What is lobbying?
Have you ever wanted to change or create a policy or law, but are unsure what steps to take to begin? If so, you may be interested in learning how to lobby.
Lobbying is an action taken by activists or groups that are meant to persuade lawmakers into taking a given idea and turning it into law. Oftentimes, we think of lobbying as something only large groups of people can do, but anyone can actually influence the government to turn action into policy.
Why do we lobby?
We lobby for drug reform. Our team members have extensive experience advocating for cannabis legislation reforms and other key drug policy measures in governments across the world. We also amplify key issues like cannabis reparations and elevate voices of cannabis activists in need of support, but we would be unable to do this work without first having a fundamental understanding of the lobbying process.
NisonCo founder Evan Nison and Account Manager Lucas Wentworth spent time this year lobbying for an addition to the Good Samaritan Law in New York, which would expand important harm reduction education within the New York State Public School system. Due to this dedicated time lobbying, the Good Samaritan legislation was introduced into New York State’s legislature earlier this year. You can read more about what the bill entails here. We pulled together Evan’s 5-step methodology to lobby effectively and followed up with a Q&A with Lucas to pull back the curtain on the lobbying process.
Evan Nison: 5 Steps to Turn an Idea Into a Law
- First, it’s important to have an idea of something you want to become a law. More often than not, it doesn’t have to be an original thought. Oftentimes, the most effective thing you can do to further a cause or mission is to help spread someone else’s good idea. If you’ve been having trouble thinking up a particular idea, scope out previously introduced bills to find one that you can get behind and reinvigorate.
- After you come up with an idea, dedicate time to research similar bills and laws in your state or municipality, as well as others. It can be helpful to gauge who has supported similar legislation in your state and reach out to relevant groups to your cause to raise awareness and garner support from other constituents.
- Now that you’ve spent time doing preliminary research, it’s time to put together a proposal. This proposal centers your ideas and does not have to be professionally written, but should come fully supported with relevant articles, studies, and cohesive examples from other regions, states or countries that have enacted similar legislation.
- Do you have your proposal organized? Let’s submit it! Put a list together of the top 10 legislators you’d like to work with and begin requesting meetings with their offices one by one until you find a sponsor. Public contact information can be found for elected officials via this government website.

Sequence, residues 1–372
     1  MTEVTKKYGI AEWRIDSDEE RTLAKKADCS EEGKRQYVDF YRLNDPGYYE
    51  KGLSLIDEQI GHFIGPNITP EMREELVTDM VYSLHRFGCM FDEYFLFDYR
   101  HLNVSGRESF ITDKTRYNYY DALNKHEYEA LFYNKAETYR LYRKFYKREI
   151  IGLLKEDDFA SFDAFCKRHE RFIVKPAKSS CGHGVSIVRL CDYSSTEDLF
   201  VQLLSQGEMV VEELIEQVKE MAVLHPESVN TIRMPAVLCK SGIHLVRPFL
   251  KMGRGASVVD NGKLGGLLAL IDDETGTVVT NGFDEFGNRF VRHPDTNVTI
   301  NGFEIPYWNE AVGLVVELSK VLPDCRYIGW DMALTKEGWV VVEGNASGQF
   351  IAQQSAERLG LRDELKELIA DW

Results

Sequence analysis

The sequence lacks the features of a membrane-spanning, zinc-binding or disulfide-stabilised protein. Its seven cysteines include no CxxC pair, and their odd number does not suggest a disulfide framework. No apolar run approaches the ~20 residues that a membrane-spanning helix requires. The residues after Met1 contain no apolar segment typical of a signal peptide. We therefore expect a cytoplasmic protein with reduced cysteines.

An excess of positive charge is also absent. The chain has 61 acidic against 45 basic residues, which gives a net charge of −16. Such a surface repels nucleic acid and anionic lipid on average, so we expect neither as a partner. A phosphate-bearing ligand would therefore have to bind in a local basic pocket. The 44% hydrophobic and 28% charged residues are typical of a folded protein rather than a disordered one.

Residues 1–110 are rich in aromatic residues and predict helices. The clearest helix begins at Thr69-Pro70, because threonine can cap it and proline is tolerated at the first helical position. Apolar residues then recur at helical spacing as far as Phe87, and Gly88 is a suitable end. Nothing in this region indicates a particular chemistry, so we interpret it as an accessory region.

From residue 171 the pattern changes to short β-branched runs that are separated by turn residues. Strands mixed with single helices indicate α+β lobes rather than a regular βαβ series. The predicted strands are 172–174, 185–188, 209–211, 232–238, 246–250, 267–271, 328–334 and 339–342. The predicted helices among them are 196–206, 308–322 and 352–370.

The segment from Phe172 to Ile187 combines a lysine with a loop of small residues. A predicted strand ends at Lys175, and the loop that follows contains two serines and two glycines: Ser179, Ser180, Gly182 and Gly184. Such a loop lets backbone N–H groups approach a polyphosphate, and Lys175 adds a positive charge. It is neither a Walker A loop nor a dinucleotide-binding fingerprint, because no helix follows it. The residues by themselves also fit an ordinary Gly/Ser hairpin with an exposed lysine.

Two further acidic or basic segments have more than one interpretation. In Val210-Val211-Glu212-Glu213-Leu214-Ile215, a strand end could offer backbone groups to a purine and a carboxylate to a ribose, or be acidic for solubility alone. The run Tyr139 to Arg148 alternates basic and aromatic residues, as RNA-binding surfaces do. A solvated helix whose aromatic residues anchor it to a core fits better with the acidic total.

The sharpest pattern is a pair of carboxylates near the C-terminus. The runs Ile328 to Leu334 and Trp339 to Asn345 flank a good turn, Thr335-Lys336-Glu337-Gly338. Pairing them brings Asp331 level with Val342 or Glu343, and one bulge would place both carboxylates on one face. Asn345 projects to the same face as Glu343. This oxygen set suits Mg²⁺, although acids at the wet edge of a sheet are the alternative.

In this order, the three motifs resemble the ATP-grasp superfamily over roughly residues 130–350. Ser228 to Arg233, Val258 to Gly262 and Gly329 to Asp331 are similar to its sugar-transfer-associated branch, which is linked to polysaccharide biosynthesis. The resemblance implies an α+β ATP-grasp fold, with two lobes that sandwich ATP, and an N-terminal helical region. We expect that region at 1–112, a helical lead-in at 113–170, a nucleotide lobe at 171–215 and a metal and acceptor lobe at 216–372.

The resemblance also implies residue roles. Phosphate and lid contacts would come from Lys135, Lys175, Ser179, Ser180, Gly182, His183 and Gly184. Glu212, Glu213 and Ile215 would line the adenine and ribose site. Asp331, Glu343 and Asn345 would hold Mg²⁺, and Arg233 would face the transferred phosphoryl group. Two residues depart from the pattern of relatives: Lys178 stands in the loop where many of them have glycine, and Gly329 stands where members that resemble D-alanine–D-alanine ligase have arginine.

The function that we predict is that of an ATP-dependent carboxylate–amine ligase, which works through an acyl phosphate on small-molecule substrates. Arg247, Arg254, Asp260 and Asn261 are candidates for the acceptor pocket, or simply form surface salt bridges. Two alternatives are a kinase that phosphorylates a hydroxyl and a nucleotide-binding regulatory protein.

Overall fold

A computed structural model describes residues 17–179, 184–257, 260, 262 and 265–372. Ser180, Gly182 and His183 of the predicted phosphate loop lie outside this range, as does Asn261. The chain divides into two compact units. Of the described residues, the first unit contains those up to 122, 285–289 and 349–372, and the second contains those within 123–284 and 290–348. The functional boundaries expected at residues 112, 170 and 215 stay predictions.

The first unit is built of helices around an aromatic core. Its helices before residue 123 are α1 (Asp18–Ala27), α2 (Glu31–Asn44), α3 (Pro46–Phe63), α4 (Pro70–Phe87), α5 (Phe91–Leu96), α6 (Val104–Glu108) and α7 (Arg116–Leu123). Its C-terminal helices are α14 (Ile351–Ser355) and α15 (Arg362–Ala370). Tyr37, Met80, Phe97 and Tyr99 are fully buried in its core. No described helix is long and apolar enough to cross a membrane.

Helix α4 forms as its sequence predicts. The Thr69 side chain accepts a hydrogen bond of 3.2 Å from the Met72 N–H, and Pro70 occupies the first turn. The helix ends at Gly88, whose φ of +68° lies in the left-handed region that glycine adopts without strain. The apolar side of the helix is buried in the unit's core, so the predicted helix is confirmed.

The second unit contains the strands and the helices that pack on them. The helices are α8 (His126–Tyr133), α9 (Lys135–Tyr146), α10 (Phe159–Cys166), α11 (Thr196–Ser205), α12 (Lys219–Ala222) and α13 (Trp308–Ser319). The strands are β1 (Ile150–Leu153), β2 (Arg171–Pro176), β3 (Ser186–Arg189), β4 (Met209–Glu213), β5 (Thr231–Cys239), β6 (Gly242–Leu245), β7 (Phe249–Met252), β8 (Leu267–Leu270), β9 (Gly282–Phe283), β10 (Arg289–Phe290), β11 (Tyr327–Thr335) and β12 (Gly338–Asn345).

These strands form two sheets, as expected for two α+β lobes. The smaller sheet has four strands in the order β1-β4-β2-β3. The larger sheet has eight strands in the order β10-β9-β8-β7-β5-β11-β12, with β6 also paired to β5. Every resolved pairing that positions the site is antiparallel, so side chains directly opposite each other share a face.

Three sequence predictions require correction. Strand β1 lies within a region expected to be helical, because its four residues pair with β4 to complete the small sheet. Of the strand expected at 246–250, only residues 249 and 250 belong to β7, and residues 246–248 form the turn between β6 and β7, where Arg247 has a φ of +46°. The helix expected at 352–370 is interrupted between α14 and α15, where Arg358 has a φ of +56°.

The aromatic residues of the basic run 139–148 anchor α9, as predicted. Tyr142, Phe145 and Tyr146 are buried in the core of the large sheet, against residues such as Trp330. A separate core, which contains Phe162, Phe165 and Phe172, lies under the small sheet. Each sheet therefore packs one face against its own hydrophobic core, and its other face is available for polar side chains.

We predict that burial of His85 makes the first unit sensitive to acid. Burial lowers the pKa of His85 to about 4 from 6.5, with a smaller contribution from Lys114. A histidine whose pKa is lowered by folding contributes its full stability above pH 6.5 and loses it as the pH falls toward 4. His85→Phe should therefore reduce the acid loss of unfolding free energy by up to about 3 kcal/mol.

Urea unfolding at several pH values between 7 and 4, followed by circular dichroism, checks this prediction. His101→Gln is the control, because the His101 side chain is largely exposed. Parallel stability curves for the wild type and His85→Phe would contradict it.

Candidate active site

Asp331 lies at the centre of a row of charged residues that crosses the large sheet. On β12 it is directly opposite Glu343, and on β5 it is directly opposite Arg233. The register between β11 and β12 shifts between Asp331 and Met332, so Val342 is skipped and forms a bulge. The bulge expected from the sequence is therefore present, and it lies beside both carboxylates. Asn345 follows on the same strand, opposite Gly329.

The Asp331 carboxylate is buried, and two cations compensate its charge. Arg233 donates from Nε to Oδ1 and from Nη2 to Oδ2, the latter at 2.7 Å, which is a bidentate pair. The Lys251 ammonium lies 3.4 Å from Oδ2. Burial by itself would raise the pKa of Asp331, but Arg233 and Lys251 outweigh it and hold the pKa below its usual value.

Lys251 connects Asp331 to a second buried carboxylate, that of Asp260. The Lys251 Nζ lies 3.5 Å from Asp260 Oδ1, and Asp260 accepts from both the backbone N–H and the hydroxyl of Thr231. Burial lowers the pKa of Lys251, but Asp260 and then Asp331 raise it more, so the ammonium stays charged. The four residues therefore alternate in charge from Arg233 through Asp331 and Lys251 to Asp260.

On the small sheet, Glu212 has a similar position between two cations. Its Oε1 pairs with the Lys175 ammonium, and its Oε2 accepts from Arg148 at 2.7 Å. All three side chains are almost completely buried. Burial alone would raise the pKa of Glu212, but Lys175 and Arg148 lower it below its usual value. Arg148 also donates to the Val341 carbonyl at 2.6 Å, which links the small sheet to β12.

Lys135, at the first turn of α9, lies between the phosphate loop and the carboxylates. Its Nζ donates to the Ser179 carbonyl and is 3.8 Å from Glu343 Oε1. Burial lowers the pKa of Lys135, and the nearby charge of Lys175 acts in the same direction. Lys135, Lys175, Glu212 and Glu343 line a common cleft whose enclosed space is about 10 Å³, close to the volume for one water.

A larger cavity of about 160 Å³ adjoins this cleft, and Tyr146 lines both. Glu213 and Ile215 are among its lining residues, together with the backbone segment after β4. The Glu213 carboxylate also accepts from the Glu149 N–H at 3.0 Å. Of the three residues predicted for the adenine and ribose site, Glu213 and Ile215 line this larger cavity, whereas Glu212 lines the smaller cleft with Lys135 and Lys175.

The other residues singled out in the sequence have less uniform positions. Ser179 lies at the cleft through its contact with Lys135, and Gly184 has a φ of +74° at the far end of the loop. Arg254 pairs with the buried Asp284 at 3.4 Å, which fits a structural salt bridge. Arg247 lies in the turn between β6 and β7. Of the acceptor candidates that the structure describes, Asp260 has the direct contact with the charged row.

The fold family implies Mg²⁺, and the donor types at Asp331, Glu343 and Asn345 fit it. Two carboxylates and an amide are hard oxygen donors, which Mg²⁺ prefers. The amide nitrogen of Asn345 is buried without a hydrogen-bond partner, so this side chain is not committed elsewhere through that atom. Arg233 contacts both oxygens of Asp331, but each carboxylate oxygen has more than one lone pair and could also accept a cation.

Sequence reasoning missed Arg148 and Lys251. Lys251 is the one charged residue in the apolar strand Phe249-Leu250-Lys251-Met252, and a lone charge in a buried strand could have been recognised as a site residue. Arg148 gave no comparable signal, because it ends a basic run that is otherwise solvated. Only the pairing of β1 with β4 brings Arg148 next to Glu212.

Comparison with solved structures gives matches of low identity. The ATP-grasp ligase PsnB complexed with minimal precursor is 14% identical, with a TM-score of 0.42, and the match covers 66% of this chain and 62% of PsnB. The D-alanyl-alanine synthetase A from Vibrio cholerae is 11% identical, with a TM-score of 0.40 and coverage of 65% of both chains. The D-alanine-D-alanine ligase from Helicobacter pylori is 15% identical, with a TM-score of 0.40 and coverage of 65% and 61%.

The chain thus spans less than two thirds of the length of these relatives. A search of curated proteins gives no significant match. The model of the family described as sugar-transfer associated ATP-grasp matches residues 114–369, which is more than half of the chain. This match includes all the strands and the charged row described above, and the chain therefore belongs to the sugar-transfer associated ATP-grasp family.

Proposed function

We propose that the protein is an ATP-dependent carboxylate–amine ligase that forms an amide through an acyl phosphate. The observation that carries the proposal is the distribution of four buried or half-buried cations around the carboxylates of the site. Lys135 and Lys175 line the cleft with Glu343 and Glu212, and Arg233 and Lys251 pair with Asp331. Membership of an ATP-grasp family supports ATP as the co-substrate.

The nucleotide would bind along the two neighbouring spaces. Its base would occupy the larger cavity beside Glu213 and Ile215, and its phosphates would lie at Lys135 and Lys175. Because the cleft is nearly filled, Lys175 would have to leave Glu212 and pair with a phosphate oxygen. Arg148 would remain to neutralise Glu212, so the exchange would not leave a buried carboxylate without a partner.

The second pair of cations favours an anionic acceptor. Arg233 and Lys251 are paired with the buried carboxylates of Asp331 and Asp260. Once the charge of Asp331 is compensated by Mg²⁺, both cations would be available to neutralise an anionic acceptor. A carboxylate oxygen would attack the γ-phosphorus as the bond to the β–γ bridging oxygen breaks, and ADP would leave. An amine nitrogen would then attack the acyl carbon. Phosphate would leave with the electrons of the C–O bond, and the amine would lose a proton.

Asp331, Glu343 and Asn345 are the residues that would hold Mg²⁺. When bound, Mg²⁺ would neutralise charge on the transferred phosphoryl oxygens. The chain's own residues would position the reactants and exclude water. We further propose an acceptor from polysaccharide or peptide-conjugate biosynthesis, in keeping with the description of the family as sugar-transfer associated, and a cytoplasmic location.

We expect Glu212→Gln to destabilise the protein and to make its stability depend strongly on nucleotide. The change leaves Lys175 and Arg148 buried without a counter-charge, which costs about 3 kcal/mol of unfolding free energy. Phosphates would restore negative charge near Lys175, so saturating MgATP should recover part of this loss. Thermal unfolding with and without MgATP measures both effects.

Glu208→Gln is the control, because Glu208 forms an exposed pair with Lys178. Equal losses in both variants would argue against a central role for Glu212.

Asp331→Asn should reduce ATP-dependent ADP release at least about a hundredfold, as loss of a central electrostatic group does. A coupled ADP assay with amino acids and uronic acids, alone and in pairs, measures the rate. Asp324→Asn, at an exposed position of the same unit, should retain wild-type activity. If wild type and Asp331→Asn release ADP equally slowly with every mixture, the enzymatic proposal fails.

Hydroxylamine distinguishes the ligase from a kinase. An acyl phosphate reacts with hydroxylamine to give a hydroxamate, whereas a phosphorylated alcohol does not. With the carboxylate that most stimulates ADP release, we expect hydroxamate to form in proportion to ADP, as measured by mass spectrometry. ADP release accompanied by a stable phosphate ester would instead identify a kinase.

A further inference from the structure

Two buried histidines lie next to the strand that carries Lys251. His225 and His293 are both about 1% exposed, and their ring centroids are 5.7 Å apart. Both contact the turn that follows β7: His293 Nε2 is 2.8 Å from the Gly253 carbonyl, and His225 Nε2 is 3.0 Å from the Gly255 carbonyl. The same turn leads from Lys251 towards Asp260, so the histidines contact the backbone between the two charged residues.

- Once you have a sponsor and the bill is introduced, schedule regular meetings with them. Your sponsor(s) will be able to let you know who to meet with and lobby. Be sure to continue with follow-up meetings and correspondence to keep pressure on legislators and keep conversations going around your topic. If the task of follow-up feels like too much time/work for you to dedicate, consider turning to sites like Crowdlobby to help with crowdfunding a lobbyist to do the heavy lifting and day-to-day work of your cause.
What is it like to lobby? Lucas Wentworth Q&A
Account Manager Lucas Wentworth shares his personal experiences of lobbying.
Kelly Ebbert: What is one thing you wish you knew before lobbying for the first time?
Lucas Wentworth: One thing that I didn’t quite realize before this is it could potentially take years and multiple legislative sessions to garner enough support to pass a bill.
KE: Are there different methods of lobbying? Do you have a favorite?
LW: I can only really speak to what I have direct experience with, which is direct lobbying. Direct lobbying is effective, as it allows people to speak directly to power about their concerns and desires. Certainly, for those passionate folks who want to feel like they’re in the driver’s seat, direct lobbying is a lot more satisfying and validating. There is also indirect lobbying, or grassroots lobbying, which is when an interest group or groups promotes a certain narrative to the general public, who then contact their legislators demanding action on the issue.
KE What got you interested in lobbying?
LW: It wasn’t so much interest in lobbying as a practice or profession as it was just having an idea for a law, and having enough passion to try making the idea a reality. Evan Nison was instrumental in identifying a legislator who would be into the idea and getting the initial meetings set up. He has also been guiding me through the lobbying process which is very helpful.
KE: What are three qualities you need to be good at lobbying?
LW: It boils down to this: Passion. Patience. Persistence.
Lobbying is critical to today’s democratic process. If you have an idea for a bill you think should become a law, reach out to us! We’d be delighted to talk through strategy with you. We also offer pro bono services to action-oriented advocacy groups. Learn more about our pro bono program and how you can apply here.